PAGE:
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iod, the child protectors and family reservations condemned the dissolute, a lazy working-class father who dishonored every aspect of their male decency by beating or deserting their wives and economically abusing or exploiting their children. In response to this, eleven states made non-support and desertion of destitute families a crime and three states introduced whipping post, in which men who beat their wives are subjected to flogging (Ramirez, 242)
However, to fight the financial abuse of children, activists pressed for certain laws which included the compulsory school attendance laws, creation of orphan trains and orphanages for accommodating the neglected and abused children and lastly child labor restriction statutes. In the meantime, campaigns to minimize the rates of divorces in the 1880s were underway. During that period, it was recorded to have the world’s highest number of divorces. Reducing was done through prolonging the waiting periods, creating family courts and minimizing the grounds for divorce, alongside efforts to remove segregated male-only improvements of recreation. After about a century, the way that the issue of men in families was culturally and socially constructed experienced a fundamental redefinition. Combined with amplified struggles to enhance the male’s remuneration, so as to allow him to support his family devoid of the support of children and wives. Additionally, anxiety about the immigrant father who represented old beliefs and obstruction efforts to Americanize his off-spring was on the rise (Shammas, 110)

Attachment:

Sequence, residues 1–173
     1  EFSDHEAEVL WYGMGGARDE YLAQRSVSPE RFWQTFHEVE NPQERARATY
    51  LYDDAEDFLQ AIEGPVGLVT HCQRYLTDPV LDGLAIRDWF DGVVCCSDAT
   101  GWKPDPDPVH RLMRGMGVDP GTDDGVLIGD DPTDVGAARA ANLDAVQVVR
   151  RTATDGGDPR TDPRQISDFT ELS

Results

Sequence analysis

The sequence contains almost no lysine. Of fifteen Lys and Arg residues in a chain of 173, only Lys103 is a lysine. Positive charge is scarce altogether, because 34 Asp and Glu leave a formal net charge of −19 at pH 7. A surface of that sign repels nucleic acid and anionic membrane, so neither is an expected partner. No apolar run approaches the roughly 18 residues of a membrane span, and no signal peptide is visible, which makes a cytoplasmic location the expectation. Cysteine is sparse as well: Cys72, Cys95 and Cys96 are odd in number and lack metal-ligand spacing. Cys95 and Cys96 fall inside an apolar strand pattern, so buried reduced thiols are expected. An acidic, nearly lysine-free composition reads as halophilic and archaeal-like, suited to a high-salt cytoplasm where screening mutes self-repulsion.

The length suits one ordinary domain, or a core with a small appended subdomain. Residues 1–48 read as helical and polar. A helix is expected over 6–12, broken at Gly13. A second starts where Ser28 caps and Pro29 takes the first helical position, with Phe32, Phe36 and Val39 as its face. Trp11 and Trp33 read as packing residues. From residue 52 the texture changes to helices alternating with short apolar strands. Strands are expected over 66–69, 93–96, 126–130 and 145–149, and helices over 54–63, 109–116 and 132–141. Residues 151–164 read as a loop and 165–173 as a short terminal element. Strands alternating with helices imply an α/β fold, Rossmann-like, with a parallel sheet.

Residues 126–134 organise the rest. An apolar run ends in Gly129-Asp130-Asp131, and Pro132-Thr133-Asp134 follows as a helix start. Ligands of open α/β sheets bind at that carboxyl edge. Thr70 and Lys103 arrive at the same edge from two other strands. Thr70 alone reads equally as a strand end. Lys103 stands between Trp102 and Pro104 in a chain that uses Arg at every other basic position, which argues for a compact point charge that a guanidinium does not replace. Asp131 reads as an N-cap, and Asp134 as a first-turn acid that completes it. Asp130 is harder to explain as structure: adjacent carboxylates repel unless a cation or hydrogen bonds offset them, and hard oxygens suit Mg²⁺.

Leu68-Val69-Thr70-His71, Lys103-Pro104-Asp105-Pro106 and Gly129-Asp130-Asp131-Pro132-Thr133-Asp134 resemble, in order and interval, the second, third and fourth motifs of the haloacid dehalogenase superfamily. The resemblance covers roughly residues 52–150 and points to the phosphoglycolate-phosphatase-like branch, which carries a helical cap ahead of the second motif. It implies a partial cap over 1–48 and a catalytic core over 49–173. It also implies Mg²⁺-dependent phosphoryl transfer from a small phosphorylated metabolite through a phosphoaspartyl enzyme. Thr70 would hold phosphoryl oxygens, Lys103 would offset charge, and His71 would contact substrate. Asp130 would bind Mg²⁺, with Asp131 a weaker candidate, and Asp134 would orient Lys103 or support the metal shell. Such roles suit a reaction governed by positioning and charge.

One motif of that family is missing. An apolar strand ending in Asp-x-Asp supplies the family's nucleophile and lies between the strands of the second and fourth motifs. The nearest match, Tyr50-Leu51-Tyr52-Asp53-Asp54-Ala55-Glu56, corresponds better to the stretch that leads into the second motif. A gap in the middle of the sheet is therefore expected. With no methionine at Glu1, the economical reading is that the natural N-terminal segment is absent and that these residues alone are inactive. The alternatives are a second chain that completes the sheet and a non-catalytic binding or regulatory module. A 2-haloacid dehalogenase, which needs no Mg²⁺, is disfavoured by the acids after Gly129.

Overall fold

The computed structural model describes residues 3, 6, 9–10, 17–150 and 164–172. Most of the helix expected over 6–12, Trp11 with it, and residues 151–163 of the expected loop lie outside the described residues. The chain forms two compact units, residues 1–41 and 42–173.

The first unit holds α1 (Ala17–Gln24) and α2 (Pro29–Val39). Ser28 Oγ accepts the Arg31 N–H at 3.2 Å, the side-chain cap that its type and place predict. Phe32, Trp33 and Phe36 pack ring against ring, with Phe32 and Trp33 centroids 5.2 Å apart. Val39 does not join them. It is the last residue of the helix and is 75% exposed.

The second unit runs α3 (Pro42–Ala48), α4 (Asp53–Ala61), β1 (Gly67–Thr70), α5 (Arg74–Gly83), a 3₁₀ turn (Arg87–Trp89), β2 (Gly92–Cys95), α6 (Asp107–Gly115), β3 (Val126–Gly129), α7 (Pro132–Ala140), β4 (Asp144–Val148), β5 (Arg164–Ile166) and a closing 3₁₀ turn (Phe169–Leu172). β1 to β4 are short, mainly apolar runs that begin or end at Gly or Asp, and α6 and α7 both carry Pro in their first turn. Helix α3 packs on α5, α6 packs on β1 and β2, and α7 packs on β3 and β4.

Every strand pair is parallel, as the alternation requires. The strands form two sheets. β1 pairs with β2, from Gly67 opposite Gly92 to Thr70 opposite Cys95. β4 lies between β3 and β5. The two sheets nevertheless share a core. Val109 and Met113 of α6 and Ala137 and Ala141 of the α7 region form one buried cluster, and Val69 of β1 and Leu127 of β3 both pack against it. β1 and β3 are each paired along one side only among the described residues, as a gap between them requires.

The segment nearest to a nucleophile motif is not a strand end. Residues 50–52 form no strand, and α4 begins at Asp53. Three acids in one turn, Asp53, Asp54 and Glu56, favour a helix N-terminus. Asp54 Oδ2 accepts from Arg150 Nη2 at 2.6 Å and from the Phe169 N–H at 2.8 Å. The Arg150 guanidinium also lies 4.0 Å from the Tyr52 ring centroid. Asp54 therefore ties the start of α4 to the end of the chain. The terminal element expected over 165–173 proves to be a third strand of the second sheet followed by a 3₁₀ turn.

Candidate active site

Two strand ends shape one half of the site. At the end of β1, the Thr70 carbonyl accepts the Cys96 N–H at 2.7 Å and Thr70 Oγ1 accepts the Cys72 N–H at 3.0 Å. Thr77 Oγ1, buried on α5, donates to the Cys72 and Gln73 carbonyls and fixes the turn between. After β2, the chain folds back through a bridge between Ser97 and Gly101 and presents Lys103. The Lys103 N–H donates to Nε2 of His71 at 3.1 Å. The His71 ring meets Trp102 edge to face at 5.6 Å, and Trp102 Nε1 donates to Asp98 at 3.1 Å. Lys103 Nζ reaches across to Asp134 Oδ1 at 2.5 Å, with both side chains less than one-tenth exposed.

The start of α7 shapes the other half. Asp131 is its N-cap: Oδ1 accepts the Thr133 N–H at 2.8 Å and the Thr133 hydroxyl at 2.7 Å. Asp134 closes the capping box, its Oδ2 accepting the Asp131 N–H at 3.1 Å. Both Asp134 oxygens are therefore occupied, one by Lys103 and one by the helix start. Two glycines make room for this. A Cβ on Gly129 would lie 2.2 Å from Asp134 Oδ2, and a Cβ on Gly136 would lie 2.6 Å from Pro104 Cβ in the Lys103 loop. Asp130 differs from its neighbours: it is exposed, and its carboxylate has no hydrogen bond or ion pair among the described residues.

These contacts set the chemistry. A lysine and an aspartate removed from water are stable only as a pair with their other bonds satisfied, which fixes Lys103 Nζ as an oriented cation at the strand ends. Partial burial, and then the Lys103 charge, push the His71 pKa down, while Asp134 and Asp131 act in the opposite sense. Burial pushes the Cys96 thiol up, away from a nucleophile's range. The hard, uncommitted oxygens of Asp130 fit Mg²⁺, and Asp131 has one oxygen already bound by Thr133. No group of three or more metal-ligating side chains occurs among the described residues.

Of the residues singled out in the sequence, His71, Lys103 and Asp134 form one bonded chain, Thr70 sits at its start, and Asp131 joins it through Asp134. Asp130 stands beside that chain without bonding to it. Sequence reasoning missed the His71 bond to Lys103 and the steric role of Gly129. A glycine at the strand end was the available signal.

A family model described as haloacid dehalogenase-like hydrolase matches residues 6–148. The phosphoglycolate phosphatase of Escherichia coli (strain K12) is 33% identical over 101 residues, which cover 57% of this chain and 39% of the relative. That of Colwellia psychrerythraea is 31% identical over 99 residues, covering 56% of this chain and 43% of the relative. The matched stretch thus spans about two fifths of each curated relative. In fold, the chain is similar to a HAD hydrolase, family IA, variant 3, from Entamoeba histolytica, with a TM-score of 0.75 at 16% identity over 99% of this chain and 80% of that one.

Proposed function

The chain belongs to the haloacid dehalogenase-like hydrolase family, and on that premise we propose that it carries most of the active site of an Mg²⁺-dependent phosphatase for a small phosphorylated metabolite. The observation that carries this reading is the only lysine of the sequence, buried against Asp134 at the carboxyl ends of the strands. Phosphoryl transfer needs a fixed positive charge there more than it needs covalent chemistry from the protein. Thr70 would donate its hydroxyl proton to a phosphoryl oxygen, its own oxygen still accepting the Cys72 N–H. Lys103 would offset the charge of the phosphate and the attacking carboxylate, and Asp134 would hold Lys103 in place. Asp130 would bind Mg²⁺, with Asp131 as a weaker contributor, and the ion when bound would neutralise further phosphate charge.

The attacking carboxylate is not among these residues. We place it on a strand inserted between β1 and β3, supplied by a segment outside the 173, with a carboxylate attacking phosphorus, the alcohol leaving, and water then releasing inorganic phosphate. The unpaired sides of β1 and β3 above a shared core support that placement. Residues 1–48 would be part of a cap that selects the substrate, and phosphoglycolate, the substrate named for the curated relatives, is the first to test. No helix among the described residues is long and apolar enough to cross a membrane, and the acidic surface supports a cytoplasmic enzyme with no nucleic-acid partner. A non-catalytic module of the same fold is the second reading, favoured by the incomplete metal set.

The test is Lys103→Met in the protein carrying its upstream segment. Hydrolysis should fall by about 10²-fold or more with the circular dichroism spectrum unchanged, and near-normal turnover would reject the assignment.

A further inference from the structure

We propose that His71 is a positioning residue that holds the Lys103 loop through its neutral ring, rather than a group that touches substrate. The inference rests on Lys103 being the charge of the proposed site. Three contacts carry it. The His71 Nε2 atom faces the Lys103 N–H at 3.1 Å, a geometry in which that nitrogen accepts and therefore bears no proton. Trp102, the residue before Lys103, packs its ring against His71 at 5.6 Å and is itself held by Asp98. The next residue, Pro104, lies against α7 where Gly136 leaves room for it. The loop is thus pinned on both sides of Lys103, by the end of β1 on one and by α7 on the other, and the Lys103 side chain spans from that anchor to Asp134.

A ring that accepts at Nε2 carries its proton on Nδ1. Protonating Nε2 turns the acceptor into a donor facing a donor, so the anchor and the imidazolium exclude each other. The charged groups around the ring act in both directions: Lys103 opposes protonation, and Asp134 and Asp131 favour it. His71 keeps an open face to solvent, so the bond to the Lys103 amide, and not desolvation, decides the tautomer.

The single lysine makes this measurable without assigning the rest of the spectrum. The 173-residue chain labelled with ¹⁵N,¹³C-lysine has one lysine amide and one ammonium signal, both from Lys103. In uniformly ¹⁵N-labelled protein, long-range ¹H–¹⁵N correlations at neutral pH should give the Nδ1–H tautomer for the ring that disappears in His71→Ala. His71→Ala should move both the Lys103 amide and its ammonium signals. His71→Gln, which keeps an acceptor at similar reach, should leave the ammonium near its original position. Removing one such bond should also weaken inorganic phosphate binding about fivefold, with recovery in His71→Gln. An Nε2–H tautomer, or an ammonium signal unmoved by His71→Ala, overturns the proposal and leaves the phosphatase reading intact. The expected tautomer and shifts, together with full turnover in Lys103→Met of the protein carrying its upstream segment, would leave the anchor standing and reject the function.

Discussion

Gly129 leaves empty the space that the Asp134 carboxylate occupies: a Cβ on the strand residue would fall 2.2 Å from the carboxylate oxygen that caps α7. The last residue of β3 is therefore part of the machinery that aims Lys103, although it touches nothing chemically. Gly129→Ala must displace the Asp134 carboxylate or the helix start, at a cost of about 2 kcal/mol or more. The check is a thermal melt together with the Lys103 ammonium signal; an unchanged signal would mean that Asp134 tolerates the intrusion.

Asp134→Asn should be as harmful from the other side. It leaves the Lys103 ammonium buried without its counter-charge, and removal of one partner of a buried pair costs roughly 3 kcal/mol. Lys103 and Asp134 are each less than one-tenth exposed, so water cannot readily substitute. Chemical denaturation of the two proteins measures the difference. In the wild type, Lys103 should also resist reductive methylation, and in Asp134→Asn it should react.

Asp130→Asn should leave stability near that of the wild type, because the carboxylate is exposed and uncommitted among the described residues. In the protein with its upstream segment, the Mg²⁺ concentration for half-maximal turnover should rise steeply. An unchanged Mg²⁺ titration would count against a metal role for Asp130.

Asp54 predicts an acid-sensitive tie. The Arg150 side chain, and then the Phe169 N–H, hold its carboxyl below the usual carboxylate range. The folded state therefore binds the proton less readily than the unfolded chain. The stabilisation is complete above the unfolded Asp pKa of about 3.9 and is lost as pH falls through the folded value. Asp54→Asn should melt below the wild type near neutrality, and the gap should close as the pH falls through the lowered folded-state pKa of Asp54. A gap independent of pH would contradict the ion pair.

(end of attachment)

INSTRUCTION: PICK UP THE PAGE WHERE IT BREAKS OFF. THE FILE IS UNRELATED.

To enhance integration, self-conscious exertions were made to use schools, peer relationships and settlement houses to aid first-generation children and wives to break free from outdated cultural beliefs which was frequently represented by the foreign language-speaking, unassimilated, bearded adult man. The majority of the legal responsibilities and rights of the familys head comes from ancient studies of one or another
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They adopt completely different approaches to analyzing historical events and phenomena, but a close reading and comparison of both of these accounts provides a framework with which to explore the history and artistic culture of colonial and early federal periods, but also of other periods and places.
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